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by • 8 Dec, 2010 • InspirationComments (3)3507

Telling great ideas and stories that stick

The real stuff

Photo by Andrew Beresford on Flickr.

Years ago I read the book Made to Stick by Dan and Chip Heath. Basically it’s about why some stories and ideas disappear and others stick with the receiver forever. What makes a successful story that is retold over and over again?

The book applied its own rules and stayed with me. Reading through a pile of unremarkable blog posts and museum brochures this week its lessons came to mind again. Here’s the slightly edited summary I wrote for internal use in 2007. I believe this message is worth sharing, even after some years. Useful for when you pitch your next innovative idea, give a presentation or simply write copy for an exhibition.

What makes a story or idea stick?

Successful communication alone is not enough to make ideas stick. An idea sticks when:

  1. You can easily understand it,
  2. You can remember it,
  3. It’s effectively changing thoughts or behaviour.

To make sure your idea, story, pitch or presentation fits the above description, Dan and Chip propose the SUCCES criteria. Fulfilling these criteria will make your ideas powerful and successful.

  • Simple: Make sure to communicate (only) the core of your message and to keep this core compact. Use creative analogies, refer to what people already know and don’t explain too much. My favourite example: Alien = Jaws on a spaceship.
  • Unexpected: Get people’s attention by surprise or by making them aware of something they do not (yet) know. Beware not to be too funny: it distracts. It’s better to do something unexpected with something everybody knows.
  • Concrete: Good ideas are as tangible as fairytales and urban legends. Provide the context, stay away from statistics, keep it human and refer to what people already know and accept. (“Before this decade is out, (…) landing a man on the moon and returning him safely to the earth…”)
  • Credible: Credibility can come from inside and outside of the idea. External credibility is when somebody credible tells an idea. Internal credibility (which is more relevant to us) comes from convincing details, clear comparisons (“If we were a soccer team, only two of us would know where to score”) and showing success in extreme or really private cases. (“If it succeeded there, it will succeed everywhere.”)
  • Emotional: There’s a lot of ways to make an idea emotionally relevant to people. Offer them relief or give them something to worry about, address their identity (“In other museums…”) and pick your adjectives carefully (How unique is unique?).
  • Stories: A good idea is a story that can be told over and over again. It’s like an anecdote and people will remember it. To make sure your idea does, make sure it stimulates people (visualisation is a strong tool there) and inspires them by challenge, connection or creativity (a surprising plot).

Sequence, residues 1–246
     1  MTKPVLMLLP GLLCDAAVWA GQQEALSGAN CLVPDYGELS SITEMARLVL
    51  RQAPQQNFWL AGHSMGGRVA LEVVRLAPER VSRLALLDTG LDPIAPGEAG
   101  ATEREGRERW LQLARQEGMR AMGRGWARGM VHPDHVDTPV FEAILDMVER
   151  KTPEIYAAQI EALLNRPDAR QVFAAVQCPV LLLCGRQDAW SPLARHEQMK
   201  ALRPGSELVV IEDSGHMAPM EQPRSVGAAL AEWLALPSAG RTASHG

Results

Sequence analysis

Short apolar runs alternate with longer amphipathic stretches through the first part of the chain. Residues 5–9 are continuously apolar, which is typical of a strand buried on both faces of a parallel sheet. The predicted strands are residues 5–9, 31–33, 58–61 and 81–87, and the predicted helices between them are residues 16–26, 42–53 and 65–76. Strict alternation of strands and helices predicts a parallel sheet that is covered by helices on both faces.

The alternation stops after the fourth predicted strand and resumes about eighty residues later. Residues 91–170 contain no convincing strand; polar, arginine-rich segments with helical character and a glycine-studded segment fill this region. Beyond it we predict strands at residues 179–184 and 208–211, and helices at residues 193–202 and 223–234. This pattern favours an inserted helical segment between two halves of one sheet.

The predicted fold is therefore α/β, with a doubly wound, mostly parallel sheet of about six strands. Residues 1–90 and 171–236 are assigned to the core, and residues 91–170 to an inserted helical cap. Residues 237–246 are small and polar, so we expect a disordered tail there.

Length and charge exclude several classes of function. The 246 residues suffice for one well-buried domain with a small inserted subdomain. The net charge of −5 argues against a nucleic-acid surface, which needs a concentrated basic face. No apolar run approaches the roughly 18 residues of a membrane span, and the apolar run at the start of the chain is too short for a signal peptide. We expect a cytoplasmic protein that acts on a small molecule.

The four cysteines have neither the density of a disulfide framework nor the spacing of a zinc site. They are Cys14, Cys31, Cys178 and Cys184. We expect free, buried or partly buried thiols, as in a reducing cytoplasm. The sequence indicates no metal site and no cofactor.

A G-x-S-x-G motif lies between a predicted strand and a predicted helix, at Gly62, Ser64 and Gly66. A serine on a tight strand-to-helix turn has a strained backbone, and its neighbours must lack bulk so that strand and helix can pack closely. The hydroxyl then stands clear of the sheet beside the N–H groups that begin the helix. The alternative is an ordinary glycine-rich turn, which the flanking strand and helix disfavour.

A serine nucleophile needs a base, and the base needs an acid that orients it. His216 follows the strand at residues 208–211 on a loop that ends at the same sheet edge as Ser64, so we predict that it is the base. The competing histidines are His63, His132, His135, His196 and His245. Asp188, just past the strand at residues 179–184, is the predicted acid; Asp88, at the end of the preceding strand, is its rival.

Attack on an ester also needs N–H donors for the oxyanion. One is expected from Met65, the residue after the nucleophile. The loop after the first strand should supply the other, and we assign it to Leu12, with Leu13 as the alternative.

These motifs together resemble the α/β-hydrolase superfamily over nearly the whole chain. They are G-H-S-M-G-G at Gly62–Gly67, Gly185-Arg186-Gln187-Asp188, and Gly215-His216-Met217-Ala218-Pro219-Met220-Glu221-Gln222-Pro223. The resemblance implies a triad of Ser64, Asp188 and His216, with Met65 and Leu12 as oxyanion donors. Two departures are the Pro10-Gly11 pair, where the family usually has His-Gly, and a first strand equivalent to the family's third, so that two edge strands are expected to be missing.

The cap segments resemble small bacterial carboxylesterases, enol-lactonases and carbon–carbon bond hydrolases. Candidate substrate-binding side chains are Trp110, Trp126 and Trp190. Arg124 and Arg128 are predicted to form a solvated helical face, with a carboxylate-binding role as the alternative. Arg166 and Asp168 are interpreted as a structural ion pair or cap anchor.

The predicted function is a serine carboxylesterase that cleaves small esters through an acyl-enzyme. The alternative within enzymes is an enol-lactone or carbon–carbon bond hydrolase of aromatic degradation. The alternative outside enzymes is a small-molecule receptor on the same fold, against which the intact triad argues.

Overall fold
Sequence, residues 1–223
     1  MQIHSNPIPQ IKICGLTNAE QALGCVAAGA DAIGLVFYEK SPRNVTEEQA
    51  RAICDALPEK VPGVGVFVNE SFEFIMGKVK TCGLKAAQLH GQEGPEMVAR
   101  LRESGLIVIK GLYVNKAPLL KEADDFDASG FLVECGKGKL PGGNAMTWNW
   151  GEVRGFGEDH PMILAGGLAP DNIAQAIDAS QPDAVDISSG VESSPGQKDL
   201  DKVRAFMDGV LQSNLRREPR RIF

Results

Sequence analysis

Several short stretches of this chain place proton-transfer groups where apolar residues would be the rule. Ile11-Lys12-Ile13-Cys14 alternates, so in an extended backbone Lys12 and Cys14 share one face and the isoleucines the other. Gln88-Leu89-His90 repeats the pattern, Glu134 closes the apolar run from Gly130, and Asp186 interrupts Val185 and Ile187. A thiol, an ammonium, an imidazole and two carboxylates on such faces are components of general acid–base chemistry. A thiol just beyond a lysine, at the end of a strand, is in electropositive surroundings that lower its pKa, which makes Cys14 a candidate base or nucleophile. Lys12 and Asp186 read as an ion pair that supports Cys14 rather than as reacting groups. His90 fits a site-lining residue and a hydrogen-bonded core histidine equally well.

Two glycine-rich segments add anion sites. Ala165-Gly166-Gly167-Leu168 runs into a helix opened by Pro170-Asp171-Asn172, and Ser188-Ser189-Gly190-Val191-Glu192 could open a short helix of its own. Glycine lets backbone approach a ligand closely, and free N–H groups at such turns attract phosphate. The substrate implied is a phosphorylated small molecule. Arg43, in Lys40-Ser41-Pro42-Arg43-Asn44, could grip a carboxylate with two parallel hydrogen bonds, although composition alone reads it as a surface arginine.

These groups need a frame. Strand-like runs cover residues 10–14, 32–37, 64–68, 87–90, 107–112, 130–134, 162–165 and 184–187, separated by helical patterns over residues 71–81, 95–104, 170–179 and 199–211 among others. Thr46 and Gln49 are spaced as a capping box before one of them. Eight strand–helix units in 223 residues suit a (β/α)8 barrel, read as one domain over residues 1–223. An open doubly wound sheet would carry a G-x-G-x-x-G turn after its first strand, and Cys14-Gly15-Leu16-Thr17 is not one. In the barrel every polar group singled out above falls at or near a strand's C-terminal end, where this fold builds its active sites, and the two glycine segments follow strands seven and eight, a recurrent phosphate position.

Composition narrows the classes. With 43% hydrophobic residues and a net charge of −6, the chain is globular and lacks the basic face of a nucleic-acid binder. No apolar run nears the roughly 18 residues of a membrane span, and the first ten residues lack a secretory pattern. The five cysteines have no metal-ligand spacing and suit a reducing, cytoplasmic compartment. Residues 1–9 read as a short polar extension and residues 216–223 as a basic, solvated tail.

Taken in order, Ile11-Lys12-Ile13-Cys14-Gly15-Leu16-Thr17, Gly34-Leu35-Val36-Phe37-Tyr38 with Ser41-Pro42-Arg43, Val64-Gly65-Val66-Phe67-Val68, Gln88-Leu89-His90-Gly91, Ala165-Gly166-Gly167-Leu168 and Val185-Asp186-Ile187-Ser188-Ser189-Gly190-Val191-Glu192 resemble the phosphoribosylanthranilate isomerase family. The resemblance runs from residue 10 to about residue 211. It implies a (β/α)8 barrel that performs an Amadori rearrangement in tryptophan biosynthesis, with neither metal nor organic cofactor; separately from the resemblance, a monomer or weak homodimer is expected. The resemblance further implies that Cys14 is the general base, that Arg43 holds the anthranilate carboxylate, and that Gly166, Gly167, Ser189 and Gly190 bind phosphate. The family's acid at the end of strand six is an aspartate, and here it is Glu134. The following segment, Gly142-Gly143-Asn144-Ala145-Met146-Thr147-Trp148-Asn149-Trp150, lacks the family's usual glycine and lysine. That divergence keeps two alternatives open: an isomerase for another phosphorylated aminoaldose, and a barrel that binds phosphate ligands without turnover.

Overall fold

To check if your ideas, stories, presentations etc. stick, first check all the SUCCES criteria and then simply tell it to somebody who doesn’t know the story. If she can retell it perfectly, you’ve got a story that will make an impact.

The book Made to Stick is filled with clear examples and nice case studies, as well as hands-on exercises to make your ideas stick. It’s definitely worth your time if you want to make your good ideas turn into great stories to tell.

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  • I’ve been wanting to read this book forever but the next one I have on hold on my to-read pile is What the Dog Saw (Malcom Gladwell) — but I had read through a few reviews. I have two questions — is it worth reading it even after having read your summary? I often find books like these (Back of the Napkin, etc.) although they present a great ideas, once you grasp the gist of it, the rest if just painful to go through because it’s just re-explaining the same thing again and again to drill it down…

    Then the thing I’m curious about is that point you mention “unexpected”. Is it the story itself (storyline) that must be unexpected or is it actually the way you tell the story and build in some kind of climax/expectations for the reader? Can ANY story be made to stick (and you follow this to make it sticky) or is it a selection/screening tool, kind of like a checklist?

    Corina :)

  • Hi Corina,

    Although I cannot say whether or not you should read any book without knowing you thoroughly, I do think it’s worth reading after my summary. It’s especially the clear and relevant case studies that give hands-on advice. But then, that might be way preferred way of learning (I learn little from lists and much from practice).

    Unexpected can be both the way it is told, as what is told. To do both at the same time, however, might be tricky. In my experience, the unexpected should only be a small part of the story, as otherwise it becomes unbelievable.

    Can any story be made to stick? With a lot of guts and creativity any story can, I think. But look at – for example – the financial cuts going on all over the Western world and you’ll realise some stories are harder to sell than others.

    I have used the SUCCES criteria to make some of the stories I tell perfect. Not everything has to be perfect, so I’ve been good at ignoring the criteria as well. Telling stories and sharing ideas is something we do on a daily basis. By applying some rules, this will not only become easier but also leave a greater impact.

    Hope this helps:-)

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